Saturday, December 16, 2006

Worrysome Aspects

1. My friends and I are on poor footing. We men are mice. DT, AD and I have all been single for forever. JR and AE are in long-term relationships they're not really happy with but don't have the willpower to break off, probably because they're afraid of being like people like me right now. It's a strange sort of ice age that's enveloping the majority of my good friends and it's unsettling. Particularly because we're all at a similar stage (nearing graduation) when change should be something we're expecting. What I'm saying is obvious so I don't think I need to go on.
Even more unsettling is how I'm getting farther away from my friends who are actually doing things with their lives. And by "getting farther away from" I mean calling them less and less, and it tends to be on my watch that communication gets disconnected, often for months. I don't really know what ED, BC, and LS are up to, and I especially don't like that those are supposed to be my three closest girl friends. Of course, they're all somewhat disconnected from me spatially (literally), so it's understandable, and probably a better conclusion is that I still don't really know how to manage friends of the opposite sex. At least not nearly as well as I manage my fellow men.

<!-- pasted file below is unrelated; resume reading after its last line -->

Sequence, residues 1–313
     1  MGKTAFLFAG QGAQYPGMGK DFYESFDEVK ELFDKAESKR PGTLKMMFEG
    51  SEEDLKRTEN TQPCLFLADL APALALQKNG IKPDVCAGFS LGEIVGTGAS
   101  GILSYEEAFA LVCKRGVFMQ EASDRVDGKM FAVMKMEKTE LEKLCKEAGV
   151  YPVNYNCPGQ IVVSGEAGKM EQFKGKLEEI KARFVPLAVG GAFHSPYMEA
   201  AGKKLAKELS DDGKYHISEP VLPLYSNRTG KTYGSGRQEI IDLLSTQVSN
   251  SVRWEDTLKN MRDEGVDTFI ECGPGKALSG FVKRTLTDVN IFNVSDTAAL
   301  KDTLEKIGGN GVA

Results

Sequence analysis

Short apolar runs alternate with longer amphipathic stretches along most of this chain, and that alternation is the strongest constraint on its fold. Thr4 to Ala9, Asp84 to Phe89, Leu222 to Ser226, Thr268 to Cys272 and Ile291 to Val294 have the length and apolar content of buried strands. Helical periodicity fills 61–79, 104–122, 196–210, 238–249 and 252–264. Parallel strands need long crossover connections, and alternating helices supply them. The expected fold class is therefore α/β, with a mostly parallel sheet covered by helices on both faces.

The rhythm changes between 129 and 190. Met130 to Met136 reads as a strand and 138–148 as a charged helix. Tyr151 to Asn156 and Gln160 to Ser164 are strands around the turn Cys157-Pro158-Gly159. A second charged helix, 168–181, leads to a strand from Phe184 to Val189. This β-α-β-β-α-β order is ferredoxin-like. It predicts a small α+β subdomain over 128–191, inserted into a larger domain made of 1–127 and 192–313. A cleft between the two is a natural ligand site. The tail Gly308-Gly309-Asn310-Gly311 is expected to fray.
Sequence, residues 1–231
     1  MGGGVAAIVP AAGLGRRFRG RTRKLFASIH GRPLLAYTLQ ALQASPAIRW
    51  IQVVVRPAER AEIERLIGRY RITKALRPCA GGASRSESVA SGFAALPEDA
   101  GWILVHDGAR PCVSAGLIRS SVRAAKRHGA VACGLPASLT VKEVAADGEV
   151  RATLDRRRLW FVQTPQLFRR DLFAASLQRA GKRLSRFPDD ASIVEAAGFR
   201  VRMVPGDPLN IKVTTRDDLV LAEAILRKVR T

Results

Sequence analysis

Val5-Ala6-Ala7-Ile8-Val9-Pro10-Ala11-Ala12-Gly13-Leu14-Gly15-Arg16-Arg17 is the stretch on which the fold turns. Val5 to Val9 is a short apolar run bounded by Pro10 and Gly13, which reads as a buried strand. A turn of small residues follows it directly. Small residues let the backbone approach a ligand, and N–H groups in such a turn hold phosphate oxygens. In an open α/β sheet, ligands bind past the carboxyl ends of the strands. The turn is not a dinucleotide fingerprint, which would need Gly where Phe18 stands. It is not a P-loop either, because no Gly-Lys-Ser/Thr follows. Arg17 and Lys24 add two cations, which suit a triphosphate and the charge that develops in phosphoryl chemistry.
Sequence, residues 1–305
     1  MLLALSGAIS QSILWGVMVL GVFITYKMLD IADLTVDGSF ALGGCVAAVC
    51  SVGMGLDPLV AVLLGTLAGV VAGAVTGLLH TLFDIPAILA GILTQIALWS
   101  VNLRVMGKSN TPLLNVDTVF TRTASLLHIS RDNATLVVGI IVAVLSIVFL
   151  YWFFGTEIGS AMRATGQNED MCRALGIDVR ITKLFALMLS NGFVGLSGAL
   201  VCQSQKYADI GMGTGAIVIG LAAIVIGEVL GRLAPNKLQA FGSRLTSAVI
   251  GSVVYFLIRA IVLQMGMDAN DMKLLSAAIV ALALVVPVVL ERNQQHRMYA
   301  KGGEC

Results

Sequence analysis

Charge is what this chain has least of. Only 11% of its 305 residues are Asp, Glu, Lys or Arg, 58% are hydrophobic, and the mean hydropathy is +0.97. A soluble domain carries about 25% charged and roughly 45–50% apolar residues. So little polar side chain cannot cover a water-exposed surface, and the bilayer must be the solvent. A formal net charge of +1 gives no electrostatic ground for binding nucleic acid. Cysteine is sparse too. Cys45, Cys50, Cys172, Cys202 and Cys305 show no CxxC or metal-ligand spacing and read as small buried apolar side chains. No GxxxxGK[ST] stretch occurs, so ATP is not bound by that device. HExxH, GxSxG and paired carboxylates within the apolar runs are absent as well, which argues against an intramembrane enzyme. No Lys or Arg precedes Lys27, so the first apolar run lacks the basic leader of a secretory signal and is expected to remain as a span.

The burden of the past isn't so much the issue of remembering the past so much as it is being part of the "the past" schema. I doubt YZ and I will ever be the blood-brother-esque (not the band unfortunately) best friends we were back in the day, and I think it's because we are "back in the day" to each other. We reek like long distance relationships and parental conflicts and cultural confusion can when you know those things aren't going to matter again. What use am I to a burgeoning diplomat at an ivy league school? I foresee many, many years of increasingly infrequent (and they're already quite uncommon) get-togethers for drinks, reminiscing, and vague disapproval.

2. My brothers, who for forever was quite popular, told me tonight that he essentially has no friends. It was, like the above, unsettling. It looks as though there's this structure of friends that everyone has in their lives through high school and university that dissolves afterwards into a mess of everymanforhimselfselp. I've said for quite a while that the unspoken appeal of shows like Friends (for twenty-somethings) and Seinfeld (for thirty-somethings) is the continued existence of the social life. That when we're older we really will have friends instead of just going drinking with our fellow doctors every Friday and a barbecue with the old crowd every time someone has a birthday. Watching as our friends, one by one, get married off and die alone for all we care with how offended we are by it. Because I think that's the second biggest lie of those shows: that all these people stay single for so long, or at least remain loyal primarily to their friends. Not going to happen.


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